Who did you bribe--er, I mean, what advice do you have for a writer who'd like to win the Writer of the Year award? (Besides attending Mount Hermon conference, of course)

I honestly think winning a writing award — whether it's the Mount Hermon Writer of the Year or any other award — is no different than winning a book contract. Both seem to happen while you are simply writing your absolute best under the uncontrollable umbrella of perfect timing. You can't plan to win an award or even to get a book contract. You can't control those things. You can control how well you write and how much you discipline yourself to be the best writer you can be. The other half of it is perfect timing, which lies outside your realm of control. The maxim, "Do your best and leave the rest to God," is pretty good advice. If you truly want to win the Writer of the Year award at Mount Hermon, yes, you must attend the conference.. But my advice is not to set your sights on this award or any other. I will only be Mount Hermon's Writer of the Year for three-hundred some days. A year from now, the lofty title will be someone else's to wear. I have to write for more reasons than fleeting glory. That may sound trite, but it's true, I think.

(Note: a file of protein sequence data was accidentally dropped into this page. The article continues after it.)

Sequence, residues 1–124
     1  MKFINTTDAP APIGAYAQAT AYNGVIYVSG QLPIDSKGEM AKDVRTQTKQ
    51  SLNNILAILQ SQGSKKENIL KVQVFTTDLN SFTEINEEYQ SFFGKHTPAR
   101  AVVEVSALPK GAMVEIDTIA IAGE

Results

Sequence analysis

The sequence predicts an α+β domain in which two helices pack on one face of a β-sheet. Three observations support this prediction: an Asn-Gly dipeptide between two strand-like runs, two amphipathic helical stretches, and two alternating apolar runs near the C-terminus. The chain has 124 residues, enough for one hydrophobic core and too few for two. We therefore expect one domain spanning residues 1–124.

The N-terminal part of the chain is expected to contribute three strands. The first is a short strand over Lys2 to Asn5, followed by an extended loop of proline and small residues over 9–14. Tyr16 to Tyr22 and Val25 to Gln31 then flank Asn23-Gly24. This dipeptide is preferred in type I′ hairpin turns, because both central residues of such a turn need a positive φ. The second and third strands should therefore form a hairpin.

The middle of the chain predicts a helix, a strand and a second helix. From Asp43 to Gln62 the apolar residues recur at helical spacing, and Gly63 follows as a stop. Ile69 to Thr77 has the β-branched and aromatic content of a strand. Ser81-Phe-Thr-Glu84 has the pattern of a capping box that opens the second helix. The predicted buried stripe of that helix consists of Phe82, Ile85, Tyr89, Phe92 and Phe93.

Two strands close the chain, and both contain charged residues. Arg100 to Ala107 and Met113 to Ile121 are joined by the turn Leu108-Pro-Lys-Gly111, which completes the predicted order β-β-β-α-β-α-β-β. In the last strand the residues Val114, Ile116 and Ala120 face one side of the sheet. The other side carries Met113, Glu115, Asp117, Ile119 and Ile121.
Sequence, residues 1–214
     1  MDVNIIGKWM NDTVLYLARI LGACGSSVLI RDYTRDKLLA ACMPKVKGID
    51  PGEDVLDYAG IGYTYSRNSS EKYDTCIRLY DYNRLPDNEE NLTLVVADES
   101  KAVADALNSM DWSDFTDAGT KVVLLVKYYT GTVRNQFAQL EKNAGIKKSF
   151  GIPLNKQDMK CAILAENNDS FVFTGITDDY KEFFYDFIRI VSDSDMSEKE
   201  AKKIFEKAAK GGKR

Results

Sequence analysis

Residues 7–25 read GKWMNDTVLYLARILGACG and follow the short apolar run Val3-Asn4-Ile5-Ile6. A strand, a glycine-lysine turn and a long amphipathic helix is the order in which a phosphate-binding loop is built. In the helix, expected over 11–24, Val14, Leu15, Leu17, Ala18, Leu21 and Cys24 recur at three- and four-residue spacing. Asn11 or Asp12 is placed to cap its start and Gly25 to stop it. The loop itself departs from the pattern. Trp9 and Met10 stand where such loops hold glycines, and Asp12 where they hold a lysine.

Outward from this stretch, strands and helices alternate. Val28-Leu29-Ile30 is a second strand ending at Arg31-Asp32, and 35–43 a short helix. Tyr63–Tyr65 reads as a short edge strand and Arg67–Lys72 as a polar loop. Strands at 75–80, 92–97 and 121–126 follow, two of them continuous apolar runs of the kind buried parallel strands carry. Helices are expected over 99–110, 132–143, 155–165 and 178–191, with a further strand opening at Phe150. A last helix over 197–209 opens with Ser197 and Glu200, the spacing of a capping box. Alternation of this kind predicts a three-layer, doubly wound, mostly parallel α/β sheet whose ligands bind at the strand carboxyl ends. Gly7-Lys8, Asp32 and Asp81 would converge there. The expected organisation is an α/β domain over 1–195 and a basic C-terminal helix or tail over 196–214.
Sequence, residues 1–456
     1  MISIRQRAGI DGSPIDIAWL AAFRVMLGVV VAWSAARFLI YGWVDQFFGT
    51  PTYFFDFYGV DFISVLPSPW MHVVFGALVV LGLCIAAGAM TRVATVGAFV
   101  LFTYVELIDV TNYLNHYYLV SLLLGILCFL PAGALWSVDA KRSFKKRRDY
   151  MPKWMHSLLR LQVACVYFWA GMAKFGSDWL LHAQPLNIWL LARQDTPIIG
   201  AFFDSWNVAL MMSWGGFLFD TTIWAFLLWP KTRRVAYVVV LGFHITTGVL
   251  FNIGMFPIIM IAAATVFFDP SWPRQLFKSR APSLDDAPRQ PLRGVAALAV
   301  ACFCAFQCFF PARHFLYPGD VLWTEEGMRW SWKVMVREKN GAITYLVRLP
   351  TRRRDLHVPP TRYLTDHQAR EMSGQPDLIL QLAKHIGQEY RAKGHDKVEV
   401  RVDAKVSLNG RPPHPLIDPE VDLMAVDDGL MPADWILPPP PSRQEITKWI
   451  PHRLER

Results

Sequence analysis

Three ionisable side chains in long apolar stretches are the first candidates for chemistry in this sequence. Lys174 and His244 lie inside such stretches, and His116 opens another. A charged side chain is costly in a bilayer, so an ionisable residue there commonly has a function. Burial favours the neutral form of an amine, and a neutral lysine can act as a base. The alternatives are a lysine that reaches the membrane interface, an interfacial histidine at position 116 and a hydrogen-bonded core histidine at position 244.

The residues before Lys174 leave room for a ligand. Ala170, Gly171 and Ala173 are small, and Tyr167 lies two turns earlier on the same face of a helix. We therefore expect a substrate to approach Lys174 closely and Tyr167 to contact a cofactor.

Who were your heroes growing up?

My parents and grandparents filled my world with wonder, delight and a love for books. There were a few seasons in my life when I was led away to idolize heartthrobs like Donny Osmond and Bobby Sherman, but I always came back to the people who truly mattered to me.

Do you have a favorite scripture verse for your writing?

Colossians 4:6 says,"Let your speech always be with grace, as though seasoned with salt, so that you will know how you should respond . . ." That really resonates with me because writing is speech on paper. And to endeavor to write with grace — in a way that is pleasurable, tasteful and flavorable — seems a pretty good goal to have as a writer.

Finish this sentence: Writing a novel is...

therapy for the mind, exercise for the soul, a tonic to the heart, and the absolute best way to spend a lonely day in front of a messy desk.

You have a mystery novel coming out in October. Tell us about it. Is this different from your other women's fiction titles?

The new series will feature a lawyer named Rachael Flynn who is married to an artist and who uses her husband's and his artist friends' talents to help her visualize the crime — by sketching it — and thus solve the case. The first installment is called "Widows and Orphans." Rachael is very much like some of my other female protagonists, so for me, the tone of this series will not seem like a departure. The mystery thread will be new, but the characterizations and plot development will hopefully seem familiar to my current readers. What I like about this series is I get to finish every story such that each book can stand alone. No one will be obligated to read the first book first. I was a big fan of Agatha Christie when I was a teenager. I'm looking forward to giving mystery-writing a whirl!